Of the PCs describing upper dental arch form, the first four, accounting for 31.0, 12.9, 9.1, and 7.6 per cent of total variance, respectively, were found to represent shape patterns that are often encountered and recognized in clinical practice (Figure 3). PC1 described arch width/arch length ratio. PC2 referred to the ectopic position of permanent canines, as far as the vertical plane is concerned. PC3 described the palatal–labial position of central and lateral incisors, and PC4 the arch asymmetry related to the ectopic position of the hemiarch canine in the horizontal plane.
Of the PCs describing lower dental arch form, the first four PCs were also found to represent commonly encountered shape patterns, accounting for 31.5, 11.9, 7.8, and 6.0 per cent of total variance, respectively (Figure 4). PC1 described arch width/arch length ratio, PC2 referred to labial ectopic position of permanent canines, PC3 and PC4 to vertical changes concerning the steepness of the curve of Spee.
In form space, PC1 refers mostly to size rather than shape. Thus, any inclination of the vector of pure size change relative to the PC1 axis may indicate the presence of allometry (31). Visual inspection of the form-space plots (Figure 5) indicated allometry, which was confirmed by the results of multivariate regression. Allometry was statistically significant but weak for both the upper and the lower dental arch (upper: R 2 = 0.05, P < 0.000, lower: R 2 = 0.06, P < 0.000, 10 000 permutations). A small-sized maxillary arch was related to high position of the canines; as size increases, the canines adopt a normal position within the arch (Figure 6a). Likewise, in the mandibular arch, the position of the canine was mainly related to size, but in the horizontal instead of the vertical plane (Figure 6b).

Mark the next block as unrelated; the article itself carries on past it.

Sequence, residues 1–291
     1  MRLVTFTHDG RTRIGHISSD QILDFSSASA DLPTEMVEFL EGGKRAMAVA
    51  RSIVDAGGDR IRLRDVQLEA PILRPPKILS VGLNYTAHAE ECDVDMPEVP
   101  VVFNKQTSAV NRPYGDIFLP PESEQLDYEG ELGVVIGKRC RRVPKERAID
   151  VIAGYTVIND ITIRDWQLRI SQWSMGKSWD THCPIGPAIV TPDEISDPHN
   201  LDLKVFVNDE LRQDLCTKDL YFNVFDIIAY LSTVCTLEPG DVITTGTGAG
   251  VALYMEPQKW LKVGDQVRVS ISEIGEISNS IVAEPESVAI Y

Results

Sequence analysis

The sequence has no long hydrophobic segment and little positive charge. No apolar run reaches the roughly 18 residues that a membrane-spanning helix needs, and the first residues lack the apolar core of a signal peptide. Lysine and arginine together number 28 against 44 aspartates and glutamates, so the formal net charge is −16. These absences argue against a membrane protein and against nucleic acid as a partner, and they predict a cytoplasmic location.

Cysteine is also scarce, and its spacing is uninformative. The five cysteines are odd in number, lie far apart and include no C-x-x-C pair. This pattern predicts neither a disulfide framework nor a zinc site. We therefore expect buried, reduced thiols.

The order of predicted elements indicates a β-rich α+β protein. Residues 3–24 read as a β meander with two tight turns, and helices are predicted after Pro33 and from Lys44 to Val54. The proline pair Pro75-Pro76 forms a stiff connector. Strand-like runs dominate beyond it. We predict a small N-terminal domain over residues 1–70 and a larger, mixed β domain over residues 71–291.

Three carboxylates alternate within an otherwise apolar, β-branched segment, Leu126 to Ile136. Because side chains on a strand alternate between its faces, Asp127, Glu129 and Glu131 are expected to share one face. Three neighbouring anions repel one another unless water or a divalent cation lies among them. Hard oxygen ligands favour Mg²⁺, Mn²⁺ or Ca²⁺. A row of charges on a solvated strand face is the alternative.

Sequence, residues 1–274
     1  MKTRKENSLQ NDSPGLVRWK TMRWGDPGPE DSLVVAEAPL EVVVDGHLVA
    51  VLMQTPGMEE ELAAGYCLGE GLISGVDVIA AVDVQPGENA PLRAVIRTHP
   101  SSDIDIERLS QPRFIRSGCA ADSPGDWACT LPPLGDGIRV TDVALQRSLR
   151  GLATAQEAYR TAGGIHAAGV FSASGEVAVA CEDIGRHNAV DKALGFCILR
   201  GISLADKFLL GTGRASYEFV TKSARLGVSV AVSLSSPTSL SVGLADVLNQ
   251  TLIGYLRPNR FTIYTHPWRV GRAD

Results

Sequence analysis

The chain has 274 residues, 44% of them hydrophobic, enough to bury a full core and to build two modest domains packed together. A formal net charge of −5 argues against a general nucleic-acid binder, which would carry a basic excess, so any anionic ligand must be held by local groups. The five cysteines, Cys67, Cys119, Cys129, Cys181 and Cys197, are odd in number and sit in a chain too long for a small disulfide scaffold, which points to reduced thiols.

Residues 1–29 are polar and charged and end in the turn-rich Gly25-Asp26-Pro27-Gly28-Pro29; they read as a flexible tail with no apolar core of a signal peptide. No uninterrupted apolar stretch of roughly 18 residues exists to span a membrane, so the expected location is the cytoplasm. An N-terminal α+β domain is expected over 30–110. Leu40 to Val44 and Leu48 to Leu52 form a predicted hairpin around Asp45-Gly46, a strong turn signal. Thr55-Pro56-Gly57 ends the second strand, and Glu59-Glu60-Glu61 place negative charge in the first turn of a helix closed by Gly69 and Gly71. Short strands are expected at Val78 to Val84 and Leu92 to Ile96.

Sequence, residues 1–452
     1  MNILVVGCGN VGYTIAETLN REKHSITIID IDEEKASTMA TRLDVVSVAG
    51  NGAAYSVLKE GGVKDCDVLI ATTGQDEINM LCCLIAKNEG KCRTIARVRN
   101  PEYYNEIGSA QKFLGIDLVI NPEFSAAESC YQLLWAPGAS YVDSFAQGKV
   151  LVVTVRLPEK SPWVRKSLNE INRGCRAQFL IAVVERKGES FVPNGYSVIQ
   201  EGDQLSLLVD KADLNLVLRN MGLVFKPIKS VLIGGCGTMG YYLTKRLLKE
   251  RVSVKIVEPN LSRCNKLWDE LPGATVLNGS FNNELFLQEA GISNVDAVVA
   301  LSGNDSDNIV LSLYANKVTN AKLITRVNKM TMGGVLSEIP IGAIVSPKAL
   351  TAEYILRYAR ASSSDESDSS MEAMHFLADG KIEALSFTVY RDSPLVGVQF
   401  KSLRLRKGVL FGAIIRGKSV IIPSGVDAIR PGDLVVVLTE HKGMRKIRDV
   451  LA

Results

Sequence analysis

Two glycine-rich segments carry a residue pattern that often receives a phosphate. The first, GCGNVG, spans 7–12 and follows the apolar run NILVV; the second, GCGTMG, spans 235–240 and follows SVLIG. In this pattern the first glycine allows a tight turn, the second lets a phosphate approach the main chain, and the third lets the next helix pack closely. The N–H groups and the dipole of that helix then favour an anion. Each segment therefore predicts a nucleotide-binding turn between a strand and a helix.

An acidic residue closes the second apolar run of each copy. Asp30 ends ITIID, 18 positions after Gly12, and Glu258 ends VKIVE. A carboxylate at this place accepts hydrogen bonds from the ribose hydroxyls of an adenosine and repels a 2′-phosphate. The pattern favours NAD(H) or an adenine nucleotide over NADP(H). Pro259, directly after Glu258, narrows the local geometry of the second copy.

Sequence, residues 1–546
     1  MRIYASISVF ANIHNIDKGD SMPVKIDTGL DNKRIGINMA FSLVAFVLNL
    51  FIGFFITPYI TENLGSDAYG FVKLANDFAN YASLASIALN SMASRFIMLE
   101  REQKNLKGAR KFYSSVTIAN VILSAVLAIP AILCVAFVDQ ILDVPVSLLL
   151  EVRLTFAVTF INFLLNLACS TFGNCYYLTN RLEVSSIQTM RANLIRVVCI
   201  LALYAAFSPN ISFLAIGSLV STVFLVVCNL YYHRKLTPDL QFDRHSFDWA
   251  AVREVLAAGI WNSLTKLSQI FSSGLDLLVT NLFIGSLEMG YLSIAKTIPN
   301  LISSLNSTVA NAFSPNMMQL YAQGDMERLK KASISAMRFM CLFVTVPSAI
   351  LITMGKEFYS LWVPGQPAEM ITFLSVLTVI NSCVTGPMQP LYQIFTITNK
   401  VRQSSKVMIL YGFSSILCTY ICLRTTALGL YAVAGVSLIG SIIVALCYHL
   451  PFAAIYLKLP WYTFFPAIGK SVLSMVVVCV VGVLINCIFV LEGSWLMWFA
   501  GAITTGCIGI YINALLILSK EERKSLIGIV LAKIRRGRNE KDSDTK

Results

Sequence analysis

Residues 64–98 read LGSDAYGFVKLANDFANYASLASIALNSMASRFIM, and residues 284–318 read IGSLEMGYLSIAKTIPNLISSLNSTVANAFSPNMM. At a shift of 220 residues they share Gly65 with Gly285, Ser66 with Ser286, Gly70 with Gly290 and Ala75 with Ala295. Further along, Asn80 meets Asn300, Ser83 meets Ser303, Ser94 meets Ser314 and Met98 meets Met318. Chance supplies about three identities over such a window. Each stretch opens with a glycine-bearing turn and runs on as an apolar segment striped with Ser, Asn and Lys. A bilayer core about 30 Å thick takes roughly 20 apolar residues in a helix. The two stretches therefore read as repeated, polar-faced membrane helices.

The correlation between age and shape indicated that the arch width/arch length ratio increased as subjects get older, for both upper and lower dental arches, but the correlation was weak (upper: R 2 = 0.04, P = 0.0001, lower: R 2 = 0.06, P = 0.005, 10 000 permutations) (Figure 7).
The correlation between age and size suggested that the size of the dental arch tends to decrease as subjects get older, for both upper and lower dental arch, but this result was not statistically significant (upper: R 2 = 0.02, P = 0.1511, lower: R 2 = 0.004, P= 0.483).